The logistics system and network 400 can also provide for package routing 430. For example, a package may need to move from one ground station to another directly or through a series of different ground stations. The package routing 430 module can decide on an appropriate route or path for a package. It can also ensure that the delivery system operates within its capacity. For example, to accommodate the capacity of the system, the route for a package may not be the route with the fewest number of hops or the least distance traveled. Alternatively, the route for a package can include intentional delay to allow for a more efficient route to become available for use. To ensure that the system is operating with capacity, the package routing module 430 can take into account a number of factors, such as, for example, the number of UAVs, their position, the capacity of particular UAVs, ground station status, ground station capacity, maximum ground station package size, energy, cost, battery availability, battery charge state, whether a route is in use, whether the system has grounded a route, distance, route capacity, package size, as well as avoiding areas of the delivery network that may be damages or unusable for weather or other reasons.
  • [0104]
    The package routing module 430 can include artificial intelligence. For example, the package routing module 430 can leverage technology such as Internet packet routing logic. That packet routing logic can be enhanced to accommodate for the complexity of the physical world while performing route calculations. For example, the package routing logic can take into account factors such as weather, time of day, or other factors that may not be as relevant to Internet packet routing logic. The package routing 420 module can also leverage CPU and storage technologies to enhance its capabilities, for example, by storing past performance data and analyzing it for future use. In an embodiment, the package routing module 430 makes a change to package routing based upon the past performance of a UAV on a known route.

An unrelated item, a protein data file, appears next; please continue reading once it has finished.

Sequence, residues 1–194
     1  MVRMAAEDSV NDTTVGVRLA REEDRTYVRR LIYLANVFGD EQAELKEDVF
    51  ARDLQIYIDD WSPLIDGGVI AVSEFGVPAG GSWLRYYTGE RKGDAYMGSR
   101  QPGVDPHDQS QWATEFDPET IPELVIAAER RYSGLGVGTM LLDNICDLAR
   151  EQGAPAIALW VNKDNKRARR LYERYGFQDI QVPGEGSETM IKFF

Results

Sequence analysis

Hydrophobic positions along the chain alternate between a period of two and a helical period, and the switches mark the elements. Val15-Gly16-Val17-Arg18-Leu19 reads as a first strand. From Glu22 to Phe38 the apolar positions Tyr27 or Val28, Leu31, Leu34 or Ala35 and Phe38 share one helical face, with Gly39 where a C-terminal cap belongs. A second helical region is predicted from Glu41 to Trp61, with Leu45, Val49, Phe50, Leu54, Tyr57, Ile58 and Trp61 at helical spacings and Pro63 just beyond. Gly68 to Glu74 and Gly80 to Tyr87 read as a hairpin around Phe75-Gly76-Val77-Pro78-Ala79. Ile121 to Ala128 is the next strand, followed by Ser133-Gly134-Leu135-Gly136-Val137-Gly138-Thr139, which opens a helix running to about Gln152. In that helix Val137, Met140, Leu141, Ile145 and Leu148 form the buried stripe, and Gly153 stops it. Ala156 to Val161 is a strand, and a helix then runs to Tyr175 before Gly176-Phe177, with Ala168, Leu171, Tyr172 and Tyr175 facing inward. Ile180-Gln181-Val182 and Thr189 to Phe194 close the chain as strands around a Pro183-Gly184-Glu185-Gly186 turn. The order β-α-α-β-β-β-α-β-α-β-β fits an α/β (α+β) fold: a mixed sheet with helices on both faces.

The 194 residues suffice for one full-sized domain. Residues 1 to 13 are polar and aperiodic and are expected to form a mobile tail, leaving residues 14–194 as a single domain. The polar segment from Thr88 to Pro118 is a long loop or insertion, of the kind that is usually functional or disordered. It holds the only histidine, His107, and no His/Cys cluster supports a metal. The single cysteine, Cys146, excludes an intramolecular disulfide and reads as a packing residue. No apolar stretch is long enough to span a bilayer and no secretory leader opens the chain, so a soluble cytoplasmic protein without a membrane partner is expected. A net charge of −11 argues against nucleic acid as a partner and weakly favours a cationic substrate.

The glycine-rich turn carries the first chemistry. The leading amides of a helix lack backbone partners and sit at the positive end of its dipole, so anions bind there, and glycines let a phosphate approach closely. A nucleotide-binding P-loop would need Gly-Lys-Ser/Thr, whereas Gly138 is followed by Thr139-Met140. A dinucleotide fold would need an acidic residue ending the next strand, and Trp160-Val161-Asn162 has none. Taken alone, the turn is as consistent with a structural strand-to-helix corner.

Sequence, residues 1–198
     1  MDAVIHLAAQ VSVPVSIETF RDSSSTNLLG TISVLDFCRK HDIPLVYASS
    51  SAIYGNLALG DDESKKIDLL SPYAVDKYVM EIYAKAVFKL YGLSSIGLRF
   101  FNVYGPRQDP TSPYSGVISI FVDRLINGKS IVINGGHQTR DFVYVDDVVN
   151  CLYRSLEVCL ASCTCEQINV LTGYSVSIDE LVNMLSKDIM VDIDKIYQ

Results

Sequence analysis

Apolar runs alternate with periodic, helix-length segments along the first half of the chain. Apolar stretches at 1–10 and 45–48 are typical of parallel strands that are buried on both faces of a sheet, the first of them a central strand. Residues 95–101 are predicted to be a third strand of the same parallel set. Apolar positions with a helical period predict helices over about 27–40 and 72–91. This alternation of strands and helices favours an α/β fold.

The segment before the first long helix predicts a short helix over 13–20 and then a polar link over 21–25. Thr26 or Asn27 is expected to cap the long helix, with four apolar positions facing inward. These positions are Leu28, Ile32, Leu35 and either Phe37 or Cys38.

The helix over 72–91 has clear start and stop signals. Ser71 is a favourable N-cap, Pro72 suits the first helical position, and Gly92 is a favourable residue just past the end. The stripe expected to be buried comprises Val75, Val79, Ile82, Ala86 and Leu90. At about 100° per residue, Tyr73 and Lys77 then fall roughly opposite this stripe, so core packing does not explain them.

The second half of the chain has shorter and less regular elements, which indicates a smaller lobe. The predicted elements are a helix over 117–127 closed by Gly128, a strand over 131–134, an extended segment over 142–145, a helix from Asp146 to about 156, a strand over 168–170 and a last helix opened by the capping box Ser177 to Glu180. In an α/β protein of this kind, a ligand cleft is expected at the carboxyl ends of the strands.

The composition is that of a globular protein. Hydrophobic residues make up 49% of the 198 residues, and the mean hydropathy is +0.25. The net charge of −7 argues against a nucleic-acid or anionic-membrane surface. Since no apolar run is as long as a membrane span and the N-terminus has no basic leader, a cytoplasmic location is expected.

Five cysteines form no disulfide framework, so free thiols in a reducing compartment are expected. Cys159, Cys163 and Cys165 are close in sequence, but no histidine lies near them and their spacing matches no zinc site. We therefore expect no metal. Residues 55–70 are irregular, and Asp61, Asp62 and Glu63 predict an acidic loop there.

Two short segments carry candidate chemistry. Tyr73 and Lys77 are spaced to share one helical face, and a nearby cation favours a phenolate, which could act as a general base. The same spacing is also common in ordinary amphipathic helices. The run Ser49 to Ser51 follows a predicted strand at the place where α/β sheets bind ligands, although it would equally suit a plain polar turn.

• [0105]
    In certain embodiments, the logistics system and network 400 is capable of tracking every package, UAV, ground station, and battery in the delivery system. The package tracking module 434 provides for tracking of the packages in the delivery system. The package tracking module 434 can provide, for example, the current location of the package, the movement history of the package, an estimated delivery time, physical information about the package (including the dimensions, weight, and content description), the planned route. The package tracking module 434 can also provide status alerts to users associated with a package. For example, the package tracking module 434 can provide delivery exceptions, delivery completion notifications, package acceptance notification, or other suitable information for an end user. The communications can be text messages, emails, voice recordings, status postings on a website, data provided to a mobile device application, or other suitable communications. In an embodiment, a tracking module 434 provides the last location for a package. The package tracking module can communicate with UAVs, ground stations, and other network modules to obtain and to update information about the package. In an embodiment, the communication between the package tracking module and a UAV occurs on a low bandwidth connection. In an embodiment, the package tracking module communicates with a ground station to receive package information.
  • [0106]